2.3.x. All three of the current ACLs, each one being a value of an olcAccess attribute, will be deleted. For clarity, this will be done in reverse order, or else the index numbers would all have to be zero.
2.4.1. The first new olcAccess attribute will determine access to password information stored in the DIT. The OpenLDAP admin account will have read access, anonymous users will have auth access and all other users will have no access. This type of authentication may seem like a security issue, but since only IPC connections (i.e. Unix domain sockets) will be used for this − no network connections − there is nothing to worry about.
2.4.2. The second new olcAccess attribute will determine access to the ou=krb5 subtree, which will contain the Kerberos database. The OpenLDAP admin user and the entry for the Kerberos administration server will have read access to it, while the future entry for the Kerberos KDC will have read access.
2.4.3. The fourth new olcAccess attribute will allow read access to the base of the tree for things like supportedSASLMechanisms. This allows clients to discover which SASL mechanisms an LDAP server supports.
2.4.4. The fifth and last new olcAccess attribute is the default ACL that will determines access to everything else in the tree. The OpenLDAP admin user will have read access, authenticated users will have read access and anonymous users will have no access.
2.5. An extra equality (eq) index will be added for User ID (uid) objects. olcDbIndex directives are used to specify the attributes on which slapd should maintain indices to optimize directory searches. This new equality index will speed up searches for entries based on exact matches of the uid attribute. At the moment it is not really necessary to add any extra indices, since the new directory tree contains almost no data. However, it is recommended to add an eq index for uid entries, because these are used for storing user account names and later on, as the DIT grows in size, this index can significantly decrease the time it takes for users to log in. The same eq will also prevent "bdb_equality_candidates" errors...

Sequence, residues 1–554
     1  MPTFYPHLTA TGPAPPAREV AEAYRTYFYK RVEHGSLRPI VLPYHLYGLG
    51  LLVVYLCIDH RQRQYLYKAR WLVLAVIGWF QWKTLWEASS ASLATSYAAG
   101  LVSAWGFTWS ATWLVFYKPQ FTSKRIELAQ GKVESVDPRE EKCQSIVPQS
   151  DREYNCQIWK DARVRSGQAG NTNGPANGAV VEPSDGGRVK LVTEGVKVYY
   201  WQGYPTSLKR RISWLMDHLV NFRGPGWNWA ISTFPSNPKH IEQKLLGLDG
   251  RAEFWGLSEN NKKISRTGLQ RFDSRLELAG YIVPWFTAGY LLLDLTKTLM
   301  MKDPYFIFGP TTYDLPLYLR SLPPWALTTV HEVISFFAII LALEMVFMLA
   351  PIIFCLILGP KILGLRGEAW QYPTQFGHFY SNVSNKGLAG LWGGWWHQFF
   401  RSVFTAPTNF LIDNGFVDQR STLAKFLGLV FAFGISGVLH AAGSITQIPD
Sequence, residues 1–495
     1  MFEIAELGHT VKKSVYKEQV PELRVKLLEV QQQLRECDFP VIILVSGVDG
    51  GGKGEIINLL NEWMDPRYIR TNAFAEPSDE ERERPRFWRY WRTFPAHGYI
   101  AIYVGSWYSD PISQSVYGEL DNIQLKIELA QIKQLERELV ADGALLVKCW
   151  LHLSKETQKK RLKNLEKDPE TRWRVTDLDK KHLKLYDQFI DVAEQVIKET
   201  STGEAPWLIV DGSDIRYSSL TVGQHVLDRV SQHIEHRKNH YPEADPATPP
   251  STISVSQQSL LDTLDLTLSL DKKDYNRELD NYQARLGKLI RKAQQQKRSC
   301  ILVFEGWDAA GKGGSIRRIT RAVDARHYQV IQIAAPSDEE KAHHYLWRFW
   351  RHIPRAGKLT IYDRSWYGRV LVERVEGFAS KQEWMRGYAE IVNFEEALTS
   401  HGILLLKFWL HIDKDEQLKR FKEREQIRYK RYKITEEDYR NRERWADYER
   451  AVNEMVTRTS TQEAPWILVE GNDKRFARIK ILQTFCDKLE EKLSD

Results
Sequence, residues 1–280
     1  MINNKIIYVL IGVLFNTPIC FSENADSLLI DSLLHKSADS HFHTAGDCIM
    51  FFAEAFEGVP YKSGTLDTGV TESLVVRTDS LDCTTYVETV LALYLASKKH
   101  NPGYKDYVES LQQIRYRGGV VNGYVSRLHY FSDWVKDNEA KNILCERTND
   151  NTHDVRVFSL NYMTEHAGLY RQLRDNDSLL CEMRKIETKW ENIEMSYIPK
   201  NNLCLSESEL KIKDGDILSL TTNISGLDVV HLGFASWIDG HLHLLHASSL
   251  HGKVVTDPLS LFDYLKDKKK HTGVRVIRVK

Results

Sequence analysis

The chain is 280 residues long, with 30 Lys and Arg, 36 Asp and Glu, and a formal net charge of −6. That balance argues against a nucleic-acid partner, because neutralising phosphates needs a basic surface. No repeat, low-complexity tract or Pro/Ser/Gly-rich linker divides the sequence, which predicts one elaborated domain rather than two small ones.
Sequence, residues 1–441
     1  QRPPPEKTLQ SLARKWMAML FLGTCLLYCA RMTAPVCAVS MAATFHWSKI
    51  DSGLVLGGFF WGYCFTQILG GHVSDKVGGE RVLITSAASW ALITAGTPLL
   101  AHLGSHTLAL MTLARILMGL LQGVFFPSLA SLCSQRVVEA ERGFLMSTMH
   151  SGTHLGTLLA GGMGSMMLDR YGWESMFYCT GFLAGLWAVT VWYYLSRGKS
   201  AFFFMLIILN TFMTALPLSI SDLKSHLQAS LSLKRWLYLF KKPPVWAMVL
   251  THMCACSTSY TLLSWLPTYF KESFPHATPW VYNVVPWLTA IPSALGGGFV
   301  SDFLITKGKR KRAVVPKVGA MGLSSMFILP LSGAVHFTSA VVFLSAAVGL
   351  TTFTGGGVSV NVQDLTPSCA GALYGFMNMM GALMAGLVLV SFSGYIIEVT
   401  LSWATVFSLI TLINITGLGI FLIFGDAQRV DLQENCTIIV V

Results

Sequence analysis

2.6. An equality index will also be set for Common Name (cn) objects to prevent "bdb_equality_candidates" errors from appearing in the log file, /var/log/syslog. One such error will otherwise appear in the log for every search for an entry of this type.
2.7. Idem for Organizational Unit (ou) objects.
2.8. Idem for Domain Component (dc) objects.
2.9. Idem for the uidNumber attribute.
2.10. Idem for the gidNumber attribute.
2.11. Idem for the memberUid attribute.
2.12. Idem for the uniqueMember attribute.
2.13. An equality, presence and substring index will be set for the krbPrincipalName attribute.
2.14. An equality index will be set for the krbPwdPolicyReference attribute.

To make both of the above changes to the cn=config DIT, first create an LDIF file on kls2, called ~/olc-mod1.ldif, with the following contents:

# 1.
dn: cn=config
changetype: modify
replace: olcLogLevel
olcLogLevel: stats

# 2.1.
dn: olcDatabase={1}hdb,cn=config
changetype: modify
replace: olcRootDN
olcRootDN: cn=manager
-
# 2.2.
delete: olcRootPW
-
# 2.3.1.
delete: olcAccess
olcAccess: {2}to *
  by self write
  by dn="cn=admin,dc=example,dc=com" write
  by * read
-
# 2.3.2.
delete: olcAccess
olcAccess: {1}to dn.base=""
  by * read
-
# 2.3.3.
delete: olcAccess
olcAccess: {0}to attrs=userPassword,shadowLastChange
  by self write
  by anonymous auth
  by dn="cn=admin,dc=example,dc=com" write
  by * none
-
# 2.4.1.
add: olcAccess
olcAccess: to attrs=userPassword,shadowLastChange
  by anonymous auth
  by * none
-
# 2.4.2.
add: olcAccess
olcAccess: to dn.subtree="ou=krb5,dc=example,dc=com"
  by dn="cn=adm-srv,ou=krb5,dc=example,dc=com" read
  by dn="cn=kdc-srv,ou=krb5,dc=example,dc=com" read
  by * none
-
# 2.4.3.
add: olcAccess
olcAccess: to dn.base=""
  by * read
-
# 2.4.4.
add: olcAccess
olcAccess: to *
  by users read
  by * none
-
# 2.5.
add: olcDbIndex
olcDbIndex: uid eq
-
# 2.6.
add: olcDbIndex
olcDbIndex: cn eq
-
# 2.7.
add: olcDbIndex
olcDbIndex: ou eq
-
# 2.8.
add: olcDbIndex
olcDbIndex: dc eq
-
# 2.9.
add: olcDbIndex
olcDbIndex: uidNumber eq
-
# 2.10.
add: olcDbIndex
olcDbIndex: gidNumber eq
-
# 2.11.
add: olcDbIndex
olcDbIndex: memberUid eq
-
# 2.12.
add: olcDbIndex
olcDbIndex: uniqueMember eq
-
# 2.13.
add: olcDbIndex
olcDbIndex: krbPrincipalName eq,pres,sub
-
# 2.14.
add: olcDbIndex
olcDbIndex: krbPwdPolicyReference eq

After the file has been saved on kls2, apply all of the above changes with this command:

~# ldapmodify -QY EXTERNAL -H ldapi:/// -f ~/olc-mod1.ldif